The reconstruction of medieval and post-medieval sacred musical practices – especially European ones – still represents a true challenge to contemporary musicologists and liturgists. The studies undertaken in this field during recent decades by scholars across the world have opened new perspectives not only in this area of investigation, but also in the research directions of other connected disciplines.
In parallel, the creation of departments specialized in the study of these musics within universities and research institutions in Europe and abroad and their adjustment to the new opportunities that digital technologies offer in the study and dissemination of liturgical chant have facilitated the access to the variety and beauty of musical traditions which nowadays represent not only a part of the European cultural heritage, but also of humanity as a whole.
This is the main reason why Musicology Today inaugurates, starting with this issue, a new section entitled Musica Sacra, the current issue being dedicated to the liturgical chant of Byzantine Christendom.
The first article (What is a Troparion?) is signed by the well-known medieval scholar and refined connoisseur of Orthodox music Dimitri Conomos (University of Oxford & University of London) and investigates the evolution and dynamics in the musical-liturgical practice of the Byzantine Church of one of the oldest, simplest and most important hymnographical forms that the Eastern religious poetry produced: the troparion (τροπάριον).
The mechanisms of memory and the construction of mental sound archives, the master-apprentice relationship seen as a unique and exemplary model that shaped the dissemination of songs in Byzantine and post-Byzantine music are some of the main ideas which the study of Αchilleus G. Chaldaeakes (National and Kapodistrian University of Athens) – The Greek-speaking Instruction of the Psaltic Art. Past, Present and Future focuses on.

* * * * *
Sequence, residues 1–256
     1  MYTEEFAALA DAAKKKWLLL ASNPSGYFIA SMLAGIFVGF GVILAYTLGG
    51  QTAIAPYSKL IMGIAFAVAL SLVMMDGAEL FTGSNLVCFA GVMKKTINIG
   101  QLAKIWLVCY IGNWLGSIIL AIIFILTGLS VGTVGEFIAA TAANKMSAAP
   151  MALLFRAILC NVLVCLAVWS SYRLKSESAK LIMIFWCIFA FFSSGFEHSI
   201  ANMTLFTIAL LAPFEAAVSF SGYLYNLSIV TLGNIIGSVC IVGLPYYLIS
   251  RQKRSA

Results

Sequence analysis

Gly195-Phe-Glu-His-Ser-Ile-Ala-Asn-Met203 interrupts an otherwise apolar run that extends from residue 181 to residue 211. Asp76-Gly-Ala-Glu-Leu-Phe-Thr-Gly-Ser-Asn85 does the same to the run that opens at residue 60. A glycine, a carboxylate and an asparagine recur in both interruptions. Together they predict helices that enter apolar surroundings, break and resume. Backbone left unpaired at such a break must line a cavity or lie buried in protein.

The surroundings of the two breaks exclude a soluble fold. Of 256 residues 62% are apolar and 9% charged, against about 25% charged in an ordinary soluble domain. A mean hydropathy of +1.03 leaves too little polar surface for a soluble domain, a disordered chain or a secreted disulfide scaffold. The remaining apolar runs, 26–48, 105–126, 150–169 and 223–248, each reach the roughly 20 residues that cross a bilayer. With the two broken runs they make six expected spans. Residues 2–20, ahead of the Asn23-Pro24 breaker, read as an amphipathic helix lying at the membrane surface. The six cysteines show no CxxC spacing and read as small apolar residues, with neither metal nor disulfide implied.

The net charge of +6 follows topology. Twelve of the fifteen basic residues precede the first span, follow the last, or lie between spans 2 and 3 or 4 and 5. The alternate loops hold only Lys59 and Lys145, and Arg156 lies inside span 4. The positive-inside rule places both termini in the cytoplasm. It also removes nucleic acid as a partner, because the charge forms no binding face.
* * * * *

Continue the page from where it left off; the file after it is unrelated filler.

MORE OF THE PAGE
The last article is signed by Michail Stroumpakis (University Ecclesiastical Academy of Herakleion, Crete) and represents a monographical research on one of the most important musicians of the Athonite monastic tradition of the first half of the nineteenth century (Nikolaos Docheiarites) preoccupied with the phenomenon of interpreting Byzantine and post-Byzantine musical repertoires in the analytical semiography proposed by the Patriarchal School in Constantinople since 1814.
I am convinced that along with the two reviews at the end of this issue, the afore-mentioned studies will enrich and heighten the perception of the reader – more or less knowledgeable – on a complex sound history inscribed in the most enduring musical semiography in the world, a history that belonged to a refined Byzantium, still subtly disputed in the academic world.
(English translation by Simina Neagu)